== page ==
Tappan on RWBY

September 1st, 2013 by Author

Jonathan Tappan strikes at the heart of the question “what is anime”, using RWBY as an excuse (a title liked by e.g. Mr. Brickmuppet):

First I want to make it clear that I have no objection to Crunchyroll carrying American-made cartoons. Nevertheless I was disappointed to read this statement from director Monty Oum:

Some believe just like Scotch needs to be made in Scotland, an American company can’t make anime. I think that’s a narrow way of seeing it. Anime is an art form, and to say only one country can make this art is wrong. // –FEATURE: Inside Rooster Teeth’s “RWBY”

There are a number of American comic artists who want to call their work “manga” and now we have American animators who want to call their work “anime”. When they do they end up sounding sad and a bit sleazy, like a Chinese food exporter who says:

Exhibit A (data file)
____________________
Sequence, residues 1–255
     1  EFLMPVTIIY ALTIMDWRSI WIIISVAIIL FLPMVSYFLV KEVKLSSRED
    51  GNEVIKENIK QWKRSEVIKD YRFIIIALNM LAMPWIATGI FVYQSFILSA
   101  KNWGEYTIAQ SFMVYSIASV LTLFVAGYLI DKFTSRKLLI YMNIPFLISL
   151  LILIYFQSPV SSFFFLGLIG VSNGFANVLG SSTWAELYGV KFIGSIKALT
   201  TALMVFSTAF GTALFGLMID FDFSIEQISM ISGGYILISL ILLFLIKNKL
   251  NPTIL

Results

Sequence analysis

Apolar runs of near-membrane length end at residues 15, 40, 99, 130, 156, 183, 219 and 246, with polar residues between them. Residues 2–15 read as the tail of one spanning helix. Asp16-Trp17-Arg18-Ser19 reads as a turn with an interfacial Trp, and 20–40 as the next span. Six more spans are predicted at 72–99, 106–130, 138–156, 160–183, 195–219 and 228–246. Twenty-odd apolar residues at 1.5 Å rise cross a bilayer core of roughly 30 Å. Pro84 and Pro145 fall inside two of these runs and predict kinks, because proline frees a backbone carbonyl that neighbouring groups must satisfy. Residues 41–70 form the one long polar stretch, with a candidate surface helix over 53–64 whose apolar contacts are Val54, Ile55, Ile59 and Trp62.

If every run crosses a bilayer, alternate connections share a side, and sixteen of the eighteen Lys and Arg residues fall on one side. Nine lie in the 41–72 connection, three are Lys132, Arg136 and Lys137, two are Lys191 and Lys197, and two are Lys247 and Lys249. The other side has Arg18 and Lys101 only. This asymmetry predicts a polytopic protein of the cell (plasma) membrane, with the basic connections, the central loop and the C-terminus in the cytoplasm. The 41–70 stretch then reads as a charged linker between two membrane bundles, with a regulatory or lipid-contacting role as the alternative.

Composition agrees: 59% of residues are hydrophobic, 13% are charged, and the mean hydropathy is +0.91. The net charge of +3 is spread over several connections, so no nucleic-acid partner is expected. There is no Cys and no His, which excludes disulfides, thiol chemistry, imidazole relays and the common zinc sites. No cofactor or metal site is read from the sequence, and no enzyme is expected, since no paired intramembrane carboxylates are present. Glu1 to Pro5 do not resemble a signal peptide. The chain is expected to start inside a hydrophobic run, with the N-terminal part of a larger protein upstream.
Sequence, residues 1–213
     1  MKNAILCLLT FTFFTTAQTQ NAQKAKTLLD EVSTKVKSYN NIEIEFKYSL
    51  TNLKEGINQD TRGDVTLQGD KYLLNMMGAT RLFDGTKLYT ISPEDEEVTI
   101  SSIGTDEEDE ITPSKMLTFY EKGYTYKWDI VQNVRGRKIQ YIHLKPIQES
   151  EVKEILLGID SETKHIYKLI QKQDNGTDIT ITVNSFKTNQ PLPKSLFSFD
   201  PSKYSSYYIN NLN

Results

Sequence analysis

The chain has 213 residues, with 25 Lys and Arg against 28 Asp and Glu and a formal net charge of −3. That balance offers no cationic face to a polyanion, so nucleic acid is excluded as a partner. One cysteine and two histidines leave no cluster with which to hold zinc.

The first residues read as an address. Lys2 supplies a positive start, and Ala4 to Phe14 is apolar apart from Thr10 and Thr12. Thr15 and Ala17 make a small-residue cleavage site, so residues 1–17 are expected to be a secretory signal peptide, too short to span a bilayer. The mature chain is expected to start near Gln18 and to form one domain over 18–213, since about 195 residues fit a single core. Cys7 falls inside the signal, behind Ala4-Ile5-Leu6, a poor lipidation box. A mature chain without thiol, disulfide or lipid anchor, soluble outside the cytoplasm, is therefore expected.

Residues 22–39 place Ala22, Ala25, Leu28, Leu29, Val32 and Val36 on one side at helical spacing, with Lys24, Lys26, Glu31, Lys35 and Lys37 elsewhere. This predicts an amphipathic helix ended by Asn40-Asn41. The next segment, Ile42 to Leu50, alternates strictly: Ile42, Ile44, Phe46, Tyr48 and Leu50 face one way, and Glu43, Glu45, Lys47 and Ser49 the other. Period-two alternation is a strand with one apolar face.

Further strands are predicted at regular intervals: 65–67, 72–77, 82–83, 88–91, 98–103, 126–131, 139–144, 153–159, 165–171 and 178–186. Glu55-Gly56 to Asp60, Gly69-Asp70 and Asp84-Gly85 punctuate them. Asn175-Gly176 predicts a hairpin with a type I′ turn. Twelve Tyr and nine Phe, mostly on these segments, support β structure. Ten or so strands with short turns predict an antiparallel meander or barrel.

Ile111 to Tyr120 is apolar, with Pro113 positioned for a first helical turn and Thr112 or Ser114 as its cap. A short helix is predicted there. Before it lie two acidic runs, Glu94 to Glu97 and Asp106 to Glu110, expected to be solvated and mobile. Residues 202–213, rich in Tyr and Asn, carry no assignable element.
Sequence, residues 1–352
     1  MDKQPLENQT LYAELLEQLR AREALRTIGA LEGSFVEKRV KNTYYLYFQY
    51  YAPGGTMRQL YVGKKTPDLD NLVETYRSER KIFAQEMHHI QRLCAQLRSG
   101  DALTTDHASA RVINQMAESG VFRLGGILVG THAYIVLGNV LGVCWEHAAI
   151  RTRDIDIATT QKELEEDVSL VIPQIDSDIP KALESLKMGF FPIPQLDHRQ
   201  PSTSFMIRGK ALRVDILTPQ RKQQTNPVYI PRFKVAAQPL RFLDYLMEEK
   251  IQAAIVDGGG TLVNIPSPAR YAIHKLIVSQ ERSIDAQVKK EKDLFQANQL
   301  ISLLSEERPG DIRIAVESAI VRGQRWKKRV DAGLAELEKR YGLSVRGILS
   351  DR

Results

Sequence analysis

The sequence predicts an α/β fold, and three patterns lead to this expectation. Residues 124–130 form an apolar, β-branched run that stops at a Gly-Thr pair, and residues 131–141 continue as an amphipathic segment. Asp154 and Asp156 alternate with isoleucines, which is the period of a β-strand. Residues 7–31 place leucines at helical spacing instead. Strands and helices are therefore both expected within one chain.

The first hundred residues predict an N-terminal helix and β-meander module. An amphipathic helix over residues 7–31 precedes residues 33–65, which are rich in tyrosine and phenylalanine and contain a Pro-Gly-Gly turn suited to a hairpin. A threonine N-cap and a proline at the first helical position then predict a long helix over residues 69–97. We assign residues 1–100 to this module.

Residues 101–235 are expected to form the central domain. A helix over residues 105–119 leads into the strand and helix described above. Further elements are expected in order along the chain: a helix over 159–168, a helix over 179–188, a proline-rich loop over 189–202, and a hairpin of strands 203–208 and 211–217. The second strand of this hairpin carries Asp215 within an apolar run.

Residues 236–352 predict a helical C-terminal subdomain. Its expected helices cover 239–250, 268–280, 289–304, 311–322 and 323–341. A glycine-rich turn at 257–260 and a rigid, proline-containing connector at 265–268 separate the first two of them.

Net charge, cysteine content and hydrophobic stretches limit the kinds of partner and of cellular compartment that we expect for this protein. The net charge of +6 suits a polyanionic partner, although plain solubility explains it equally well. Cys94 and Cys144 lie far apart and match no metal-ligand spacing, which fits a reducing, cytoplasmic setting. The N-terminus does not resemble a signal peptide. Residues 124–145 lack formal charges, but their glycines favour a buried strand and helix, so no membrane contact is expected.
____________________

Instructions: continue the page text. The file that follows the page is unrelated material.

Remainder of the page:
Some believe that “Whole Foods” can only refer to a particular American company. I think that’s a narrow way of seeing it. “Whole Foods” refers to any foods that are wholesome. Our fine Chinese food products are very wholesome so there is no reason that we shouldn’t label them “Whole Foods.”

This used to be a topic of great interest for us back when Sixten was an active animeblogger, but nowadays I find little to add to Jonathan’s. Also, LOL.

UPDATE 2013/09/09: CKS tries a measured approach, but ends with:

I don’t think Tappan’s call for animators to develop a style that’s different from anime and manga is really the right approach. At its core what it amounts to is telling people not to work in the style that they like and admire simply because they are not from Japan. It’s especially unlikely to work if you believe that the manga and anime style is further evolved and more artistically sophisticated and successful than the western counterparts.

UPDATE 2013/10/08: Sixten responded with an editorial and Omo responded to that. Lines remain drawn through the finer points. I can’t help thinking that Sixten’s identity as a manga artist is threatened by inauthenticity, and we cannot move forward without resolving that.

MORE UPDATE: Steven simplifies the argument to “if it’s good, it’s all good”.